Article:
Response of Real-Time Black Carbon Mass Instruments to Mini-Cast Soot
Soot is a climate forcer and a dangerous air pollutant that has been increasingly regulated. In aviation, regulatory measurements of soot mass concentration in the exhaust of aircraft turbine engines are to be based on measurements of black carbon (BC) calibrated to elemental carbon (EC) content of diffusion flame soot. The calibration soot must currently meet only one criterion: minimum EC to total carbon (TC) ratio of 0.8. However, not including soot properties other than the EC/TC ratio may potentially lead to discrepancies between different BC measurements. We studied the response of two instruments, the AVL Micro-Soot Sensor (MSS) and the Artium Laser-Induced Incandescence 300 (LII), to soot from two miniature combustion aerosol standard (mini-CAST) burners. By changing the air-fuel ratio, premixing nitrogen into the fuel, and using a catalytic stripper to remove volatile compounds, we produced a wide range of particle morphologies and EC contents. As the EC content decreased, both the instruments underreported the EC mass, but the LII diverged more severely. Upon closer investigation of eight conditions with EC/TC > 0.8, the LII underreporting was found independent of primary particle size, but increased with decreasing geometric mean diameter of the soot agglomerates. As the geometric mean diameter decreased from 160 nm to 50 nm, the differences between the LII and MSS increased from 15% to 50%. The results suggest that in addition to EC content, calibration procedures for the regulatory BC measurements may need to take particle size distributions into account.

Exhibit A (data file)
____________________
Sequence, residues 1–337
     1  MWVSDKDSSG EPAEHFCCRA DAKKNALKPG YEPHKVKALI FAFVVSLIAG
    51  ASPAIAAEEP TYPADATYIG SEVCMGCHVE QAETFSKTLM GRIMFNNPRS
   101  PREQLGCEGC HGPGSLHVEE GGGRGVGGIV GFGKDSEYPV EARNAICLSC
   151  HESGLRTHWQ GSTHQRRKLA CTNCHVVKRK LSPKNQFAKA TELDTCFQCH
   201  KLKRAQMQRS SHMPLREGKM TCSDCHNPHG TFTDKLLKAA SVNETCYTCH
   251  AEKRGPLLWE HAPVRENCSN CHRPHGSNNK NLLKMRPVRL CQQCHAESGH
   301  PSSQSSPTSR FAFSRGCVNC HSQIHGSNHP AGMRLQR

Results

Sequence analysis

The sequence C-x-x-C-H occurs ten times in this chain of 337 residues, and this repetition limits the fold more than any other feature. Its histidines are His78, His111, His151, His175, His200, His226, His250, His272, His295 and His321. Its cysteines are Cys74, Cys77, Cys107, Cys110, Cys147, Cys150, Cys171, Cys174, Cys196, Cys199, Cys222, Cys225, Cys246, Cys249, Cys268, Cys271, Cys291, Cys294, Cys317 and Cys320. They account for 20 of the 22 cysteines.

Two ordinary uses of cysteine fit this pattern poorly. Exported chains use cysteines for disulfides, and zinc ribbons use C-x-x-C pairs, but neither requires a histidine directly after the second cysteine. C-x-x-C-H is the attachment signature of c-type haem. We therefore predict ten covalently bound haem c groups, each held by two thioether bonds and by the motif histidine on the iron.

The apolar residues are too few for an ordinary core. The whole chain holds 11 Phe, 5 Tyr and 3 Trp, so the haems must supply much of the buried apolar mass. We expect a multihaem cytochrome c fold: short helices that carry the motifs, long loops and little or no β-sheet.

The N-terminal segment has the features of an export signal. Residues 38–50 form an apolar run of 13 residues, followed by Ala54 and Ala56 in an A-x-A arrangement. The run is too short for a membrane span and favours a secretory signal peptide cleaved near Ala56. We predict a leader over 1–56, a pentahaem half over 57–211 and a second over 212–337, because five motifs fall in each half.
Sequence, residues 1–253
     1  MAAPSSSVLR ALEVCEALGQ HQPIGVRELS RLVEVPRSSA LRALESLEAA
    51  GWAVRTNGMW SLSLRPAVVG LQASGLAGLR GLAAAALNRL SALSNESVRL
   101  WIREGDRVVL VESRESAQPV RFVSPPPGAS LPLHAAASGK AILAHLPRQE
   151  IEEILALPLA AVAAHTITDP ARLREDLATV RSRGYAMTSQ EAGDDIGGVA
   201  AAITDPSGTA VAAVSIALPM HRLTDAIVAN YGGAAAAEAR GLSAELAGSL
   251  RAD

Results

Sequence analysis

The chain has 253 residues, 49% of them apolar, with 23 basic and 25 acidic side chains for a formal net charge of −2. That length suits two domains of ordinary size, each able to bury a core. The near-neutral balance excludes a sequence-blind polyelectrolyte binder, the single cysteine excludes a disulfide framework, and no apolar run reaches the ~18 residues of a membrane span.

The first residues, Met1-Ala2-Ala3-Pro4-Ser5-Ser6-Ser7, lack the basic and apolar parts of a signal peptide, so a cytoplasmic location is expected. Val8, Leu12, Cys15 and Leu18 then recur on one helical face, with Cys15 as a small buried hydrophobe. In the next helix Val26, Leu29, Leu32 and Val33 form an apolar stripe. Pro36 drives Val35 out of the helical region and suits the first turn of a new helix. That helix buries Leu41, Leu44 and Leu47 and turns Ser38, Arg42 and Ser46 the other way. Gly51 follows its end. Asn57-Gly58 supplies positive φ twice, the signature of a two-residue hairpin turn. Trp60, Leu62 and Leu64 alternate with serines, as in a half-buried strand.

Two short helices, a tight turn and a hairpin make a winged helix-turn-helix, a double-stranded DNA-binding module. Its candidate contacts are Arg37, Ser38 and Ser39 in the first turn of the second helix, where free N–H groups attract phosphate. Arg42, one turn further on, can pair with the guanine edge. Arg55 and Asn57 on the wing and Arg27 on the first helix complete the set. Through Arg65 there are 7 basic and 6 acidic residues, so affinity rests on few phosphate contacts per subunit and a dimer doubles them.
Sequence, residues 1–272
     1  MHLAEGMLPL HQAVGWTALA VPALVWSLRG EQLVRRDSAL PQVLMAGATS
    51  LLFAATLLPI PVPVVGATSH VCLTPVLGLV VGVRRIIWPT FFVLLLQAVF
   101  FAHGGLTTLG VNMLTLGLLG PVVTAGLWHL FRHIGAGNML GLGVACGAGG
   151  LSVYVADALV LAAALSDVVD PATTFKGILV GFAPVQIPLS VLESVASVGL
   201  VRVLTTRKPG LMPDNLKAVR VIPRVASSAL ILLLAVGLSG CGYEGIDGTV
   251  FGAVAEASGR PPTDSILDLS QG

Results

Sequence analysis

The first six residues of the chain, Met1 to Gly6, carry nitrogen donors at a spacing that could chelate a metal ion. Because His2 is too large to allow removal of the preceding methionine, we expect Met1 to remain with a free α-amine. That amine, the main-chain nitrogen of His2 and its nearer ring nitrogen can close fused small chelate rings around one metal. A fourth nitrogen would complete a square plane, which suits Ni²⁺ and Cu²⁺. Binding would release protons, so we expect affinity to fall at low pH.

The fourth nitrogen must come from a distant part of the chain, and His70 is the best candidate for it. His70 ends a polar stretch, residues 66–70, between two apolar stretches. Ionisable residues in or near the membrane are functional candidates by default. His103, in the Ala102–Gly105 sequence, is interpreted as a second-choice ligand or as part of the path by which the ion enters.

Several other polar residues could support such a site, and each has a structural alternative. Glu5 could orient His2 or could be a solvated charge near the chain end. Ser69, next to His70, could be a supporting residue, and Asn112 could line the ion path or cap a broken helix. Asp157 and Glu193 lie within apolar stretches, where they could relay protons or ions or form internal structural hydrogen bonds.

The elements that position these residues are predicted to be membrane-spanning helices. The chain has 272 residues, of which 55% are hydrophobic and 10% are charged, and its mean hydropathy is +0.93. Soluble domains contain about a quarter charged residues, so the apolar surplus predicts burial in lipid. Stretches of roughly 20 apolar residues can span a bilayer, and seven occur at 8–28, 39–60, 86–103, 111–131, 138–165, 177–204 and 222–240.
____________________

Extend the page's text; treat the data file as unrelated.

L. Durdina et al., "Response of Real-Time Black Carbon Mass Instruments to Mini-Cast Soot," Aerosol Science and Technology, vol. 50, no. 9, pp. 906-918, Taylor & Francis, Jun 2016.
The definitive version is available at https://doi.org/10.1080/02786826.2016.1204423
Mechanical and Aerospace Engineering
Keywords and Phrases
Aircraft Engines; Calibration; Exhaust Systems (Engine); Particle Size; Satellites; Soot; Volatile Organic Compounds; Aircraft Turbine Engines; Calibration Procedure; Combustion Aerosols; Geometric Mean Diameters; Laser Induced Incandescence; Particle Morphologies; Primary Particle Size; Regulatory Measurement; Dust
International Standard Serial Number (ISSN)
Article - Journal
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